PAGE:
Tuesday, March 26, 2013

Rachel Hartman Book Signing

Before Rachel Hartman was a best-selling award winning author she was a Kentuckian.  Little known fact about Kentucky -- we LOVE Kentuckians.  We root for them in all endeavors (well good ones, evil villains we blame on other states' bad influence).  I've been waiting to buy Rachel's book for nearly a year, not because I don't love it, but because I knew she'd be back someday and I really wanted a signed copy.  So when she tweeted me that she was visiting her parents and appearing at a mutually favorite bookstore, I headed down the great I-64 divide (alongside a lot of Louisville citizens going to Lexington for other reasons, sigh. Let's not tal about that.) to finally get my hardcover.

This is the location of the signing.  The wonderful Joseph-Beth, the Lexington branch of a group of independent bookstores. It's massive, beautiful and everything I think a bookstore should be.  I spent a good portion of my college years hanging out on benches and chairs in this store and Rachel spent her high school years there. It's a welcoming and recommended spot.

I was very excited to learn that the seeds of Seraphina began in Kentucky (Really we'll take credit for anything here). Back when Rachel was a seventh grader at Southern Junior High she had an assignment to write a narrative poem. For the first and only time in her life Rachel had a narrative poem bubbling inside of her.  It was about a little girl named Sir Amy who was a knight.  There was also a dragon who played the cello (which conveniently rhymes with jello for poem purposes).  It took place in Goredd, the world where Seraphina is set.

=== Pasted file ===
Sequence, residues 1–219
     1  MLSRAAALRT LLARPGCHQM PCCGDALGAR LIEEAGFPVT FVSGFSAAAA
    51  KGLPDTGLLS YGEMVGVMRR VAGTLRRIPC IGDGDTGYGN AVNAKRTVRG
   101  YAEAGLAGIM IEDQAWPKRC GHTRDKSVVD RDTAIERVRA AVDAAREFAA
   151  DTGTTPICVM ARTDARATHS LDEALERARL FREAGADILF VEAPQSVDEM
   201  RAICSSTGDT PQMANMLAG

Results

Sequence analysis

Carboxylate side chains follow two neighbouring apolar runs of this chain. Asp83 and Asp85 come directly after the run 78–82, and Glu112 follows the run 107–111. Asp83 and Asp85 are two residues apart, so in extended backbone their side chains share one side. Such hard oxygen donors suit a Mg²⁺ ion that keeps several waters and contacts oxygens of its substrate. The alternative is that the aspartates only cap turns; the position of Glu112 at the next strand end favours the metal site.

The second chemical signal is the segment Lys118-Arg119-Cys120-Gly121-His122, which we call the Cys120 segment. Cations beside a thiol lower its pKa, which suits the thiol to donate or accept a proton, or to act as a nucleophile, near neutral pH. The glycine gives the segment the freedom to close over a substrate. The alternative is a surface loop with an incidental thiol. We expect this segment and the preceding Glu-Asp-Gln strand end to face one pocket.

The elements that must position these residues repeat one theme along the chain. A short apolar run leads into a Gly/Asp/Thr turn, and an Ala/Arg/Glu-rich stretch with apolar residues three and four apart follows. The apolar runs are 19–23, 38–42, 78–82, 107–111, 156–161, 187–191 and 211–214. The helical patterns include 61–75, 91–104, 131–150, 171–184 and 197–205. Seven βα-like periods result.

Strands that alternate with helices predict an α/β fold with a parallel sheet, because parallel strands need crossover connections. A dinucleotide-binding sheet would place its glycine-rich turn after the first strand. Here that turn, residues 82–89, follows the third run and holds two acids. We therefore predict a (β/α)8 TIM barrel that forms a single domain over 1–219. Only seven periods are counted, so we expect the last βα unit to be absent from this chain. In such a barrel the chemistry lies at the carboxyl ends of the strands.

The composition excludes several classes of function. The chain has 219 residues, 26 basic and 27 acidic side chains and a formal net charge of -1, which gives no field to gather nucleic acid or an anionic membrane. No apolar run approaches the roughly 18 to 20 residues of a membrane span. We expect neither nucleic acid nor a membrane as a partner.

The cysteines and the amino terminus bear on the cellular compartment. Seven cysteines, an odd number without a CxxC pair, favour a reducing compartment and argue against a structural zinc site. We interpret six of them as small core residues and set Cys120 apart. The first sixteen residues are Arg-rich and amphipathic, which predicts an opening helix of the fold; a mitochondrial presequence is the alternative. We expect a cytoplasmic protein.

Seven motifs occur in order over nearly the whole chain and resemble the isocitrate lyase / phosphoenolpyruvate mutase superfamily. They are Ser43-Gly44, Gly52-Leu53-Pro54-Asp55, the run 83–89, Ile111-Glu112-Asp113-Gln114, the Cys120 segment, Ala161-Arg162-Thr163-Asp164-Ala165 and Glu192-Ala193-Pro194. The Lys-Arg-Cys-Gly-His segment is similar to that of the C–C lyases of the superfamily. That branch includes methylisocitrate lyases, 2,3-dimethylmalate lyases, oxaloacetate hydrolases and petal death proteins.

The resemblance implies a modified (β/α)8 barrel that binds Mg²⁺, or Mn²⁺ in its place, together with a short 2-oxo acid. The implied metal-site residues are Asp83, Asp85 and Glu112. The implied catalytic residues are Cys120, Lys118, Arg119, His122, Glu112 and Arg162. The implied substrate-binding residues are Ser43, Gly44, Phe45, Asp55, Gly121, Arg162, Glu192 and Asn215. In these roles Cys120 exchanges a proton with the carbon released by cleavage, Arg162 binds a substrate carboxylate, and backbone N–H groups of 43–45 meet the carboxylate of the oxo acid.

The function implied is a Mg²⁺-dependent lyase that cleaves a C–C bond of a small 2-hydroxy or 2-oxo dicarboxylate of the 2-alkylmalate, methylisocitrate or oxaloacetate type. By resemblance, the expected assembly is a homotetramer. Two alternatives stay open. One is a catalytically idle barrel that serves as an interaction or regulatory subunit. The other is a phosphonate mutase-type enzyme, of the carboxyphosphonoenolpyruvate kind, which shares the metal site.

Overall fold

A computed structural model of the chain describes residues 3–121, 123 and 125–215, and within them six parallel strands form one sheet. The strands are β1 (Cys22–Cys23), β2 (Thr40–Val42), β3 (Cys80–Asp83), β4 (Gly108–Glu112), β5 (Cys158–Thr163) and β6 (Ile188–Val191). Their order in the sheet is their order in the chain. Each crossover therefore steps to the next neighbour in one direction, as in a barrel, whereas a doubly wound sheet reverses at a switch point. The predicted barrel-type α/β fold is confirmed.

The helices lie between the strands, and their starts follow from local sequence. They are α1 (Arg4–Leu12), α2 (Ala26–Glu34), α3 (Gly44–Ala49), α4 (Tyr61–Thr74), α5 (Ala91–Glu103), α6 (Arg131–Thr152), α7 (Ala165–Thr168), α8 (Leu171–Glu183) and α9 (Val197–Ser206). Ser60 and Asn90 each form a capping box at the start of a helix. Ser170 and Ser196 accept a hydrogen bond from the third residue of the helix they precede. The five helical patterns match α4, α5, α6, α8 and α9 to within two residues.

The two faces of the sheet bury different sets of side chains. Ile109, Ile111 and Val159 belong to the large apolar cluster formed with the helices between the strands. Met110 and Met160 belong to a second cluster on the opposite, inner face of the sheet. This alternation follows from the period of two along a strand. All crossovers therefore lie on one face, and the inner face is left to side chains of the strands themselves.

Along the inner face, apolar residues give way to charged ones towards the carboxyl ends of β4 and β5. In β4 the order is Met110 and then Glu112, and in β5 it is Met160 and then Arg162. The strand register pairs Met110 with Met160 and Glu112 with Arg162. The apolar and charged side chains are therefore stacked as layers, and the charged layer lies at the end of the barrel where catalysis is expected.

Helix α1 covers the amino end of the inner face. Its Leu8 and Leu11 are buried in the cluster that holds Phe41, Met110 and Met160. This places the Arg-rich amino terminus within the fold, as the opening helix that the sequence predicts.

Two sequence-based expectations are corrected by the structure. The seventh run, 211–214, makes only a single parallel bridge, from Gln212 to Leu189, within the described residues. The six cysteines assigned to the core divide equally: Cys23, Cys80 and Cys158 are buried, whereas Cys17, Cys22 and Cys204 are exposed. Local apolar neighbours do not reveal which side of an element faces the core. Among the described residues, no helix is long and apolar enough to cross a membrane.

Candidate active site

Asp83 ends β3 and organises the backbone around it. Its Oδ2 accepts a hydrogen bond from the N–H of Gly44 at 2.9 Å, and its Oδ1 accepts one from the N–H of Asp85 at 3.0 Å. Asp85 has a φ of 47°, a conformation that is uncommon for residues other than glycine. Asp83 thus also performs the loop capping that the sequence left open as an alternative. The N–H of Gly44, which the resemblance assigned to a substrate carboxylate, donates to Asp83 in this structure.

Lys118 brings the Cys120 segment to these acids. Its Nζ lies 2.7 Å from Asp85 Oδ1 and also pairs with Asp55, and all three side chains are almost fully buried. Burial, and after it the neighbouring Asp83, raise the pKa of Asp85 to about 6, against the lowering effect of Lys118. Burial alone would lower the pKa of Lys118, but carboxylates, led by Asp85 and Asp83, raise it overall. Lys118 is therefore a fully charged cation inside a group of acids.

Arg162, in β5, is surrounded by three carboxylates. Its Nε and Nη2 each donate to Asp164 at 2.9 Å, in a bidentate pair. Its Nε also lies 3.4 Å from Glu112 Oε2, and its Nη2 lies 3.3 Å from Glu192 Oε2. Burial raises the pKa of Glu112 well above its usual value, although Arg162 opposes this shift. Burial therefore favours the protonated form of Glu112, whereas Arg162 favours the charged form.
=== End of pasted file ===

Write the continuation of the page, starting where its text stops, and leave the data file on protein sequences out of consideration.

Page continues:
That world stayed with Rachel, who wrote comic books set there in her 20s.  Because drawing dragons is difficult and according to Rachel she wasn't very good at it (I would really like some evidence), she came up with the idea of dragons that could take human form.  "From laziness came a wellspring of ideas."  

Some other fun notes:

  • When the Morris Award committee called her on her cellphone she responded, "Oh good. Now I'll be able to sleep tonight."  In fact she was too excited to sleep that night.
  • Rachel wants to write other books set in the Goredd after the sequel to Seraphina. 
  • I find it reassuring that Rachel started taking herself seriously as a writer when she hit 30. I have 3 years to get serious folks! 
  • A sixth grade teacher wrote "Rachel you are a real writer" on a piece she did. From thenceforth she saw herself as a real writer. 
  • The glossary was added to the book because both Rachel and her editor have an affinity for strange words.
  • "Quire" is not actually a Rachel-ism but how Canterbury Quire was spelled in medieval times.

Look at that long line! Good turn out. 

Me and Rachel.
(Or as the bookstore employee called me
"The lady who is buying 3 books")


Catie said...

Thanks for covering this for the rest of us who couldn't be there! I love hearing about how people come up with amazing ideas...they all seem to come from something more mundane. Maybe if I clean my house today I'll come up with an idea for a brilliant novel. Haha. The new edition of Seraphina is gorgeous! Can't wait for the sequel. Love the pictures.

Katja Weinert said...

Oh that's so interesting! I recently interviewed Rachel and she's just lovely.